I went exploring last week, just to see what I could discover on a cold winter day in February. What I found was abundant evidence of one of my favorite little critters, the Douglas squirrel. Throughout the forest the snow covered ground showed evidence of feasting, perhaps even gluttonous feasting in some places. This feasting was represented by middens. These midden were simply the remains of a squirrels meal, heaps of pine cone scales and cores.
The middens were everywhere: under logs; near the entrance of small, snowy tunnels; at the base of towering Douglas fir trees; on top of melted out nurse logs; in the middle of the trail. At one particularly large midden I counted seven pine cone cores and just a few feet away lay another small midden with four cores.
While at one midden I wondered about the rest of that squirrel’s day. Where had it slept, what else had it consumed from its caches, was it over wintering in a family group?
I consulted my favorite guide book, Cascade-Olympic Natural History by Daniel Mathews, for probable answers. I discovered that Douglas squirrels move from their summer nests built of twig and cedar-bark on limbs to better insulated sites for the winter, often old woodpecker holes. And, unlike smaller rodents, this-years young Douglas squirrels winter in their parents’ nest. Lastly, what else could this squirrel have eaten on a cold winter day? Squirrels dry and store mushrooms, so that’s a possibility. Another possibility would be hazelnuts, which are abundant around the learning center in the fall and could have been cached. Or, it could have been a day of Douglas fir pine cones.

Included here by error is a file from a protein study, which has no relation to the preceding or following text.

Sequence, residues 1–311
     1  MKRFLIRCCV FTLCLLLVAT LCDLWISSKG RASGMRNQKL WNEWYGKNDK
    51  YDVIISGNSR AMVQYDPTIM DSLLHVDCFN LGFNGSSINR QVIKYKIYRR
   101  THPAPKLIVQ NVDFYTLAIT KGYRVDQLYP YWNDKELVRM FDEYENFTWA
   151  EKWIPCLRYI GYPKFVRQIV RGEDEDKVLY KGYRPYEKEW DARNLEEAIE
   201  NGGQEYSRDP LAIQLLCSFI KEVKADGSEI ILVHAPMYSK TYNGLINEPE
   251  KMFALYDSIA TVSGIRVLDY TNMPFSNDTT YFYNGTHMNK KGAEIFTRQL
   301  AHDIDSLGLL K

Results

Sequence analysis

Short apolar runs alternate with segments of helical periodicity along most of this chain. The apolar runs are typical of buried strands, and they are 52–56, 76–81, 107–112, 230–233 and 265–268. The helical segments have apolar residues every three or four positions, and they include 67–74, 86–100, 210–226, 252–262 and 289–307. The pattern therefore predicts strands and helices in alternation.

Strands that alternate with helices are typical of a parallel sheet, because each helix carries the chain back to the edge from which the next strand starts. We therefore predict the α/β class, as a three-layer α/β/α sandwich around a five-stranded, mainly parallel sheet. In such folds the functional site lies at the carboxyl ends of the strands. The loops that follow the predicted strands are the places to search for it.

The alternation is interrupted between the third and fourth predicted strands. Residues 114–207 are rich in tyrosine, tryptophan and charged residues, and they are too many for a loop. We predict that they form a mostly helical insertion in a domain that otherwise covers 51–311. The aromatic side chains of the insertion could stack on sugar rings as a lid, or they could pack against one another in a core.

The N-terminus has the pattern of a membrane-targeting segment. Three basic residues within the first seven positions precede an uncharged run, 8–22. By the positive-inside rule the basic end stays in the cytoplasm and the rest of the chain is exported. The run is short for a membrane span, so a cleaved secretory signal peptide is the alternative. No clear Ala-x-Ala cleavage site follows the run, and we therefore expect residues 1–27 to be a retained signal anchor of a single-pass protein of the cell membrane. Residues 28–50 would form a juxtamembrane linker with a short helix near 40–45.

As I headed in from my explorations I felt grateful for winter, squirrels, pine cones and snow; and I wondered, what would I find tomorrow on another cold winter walk in February?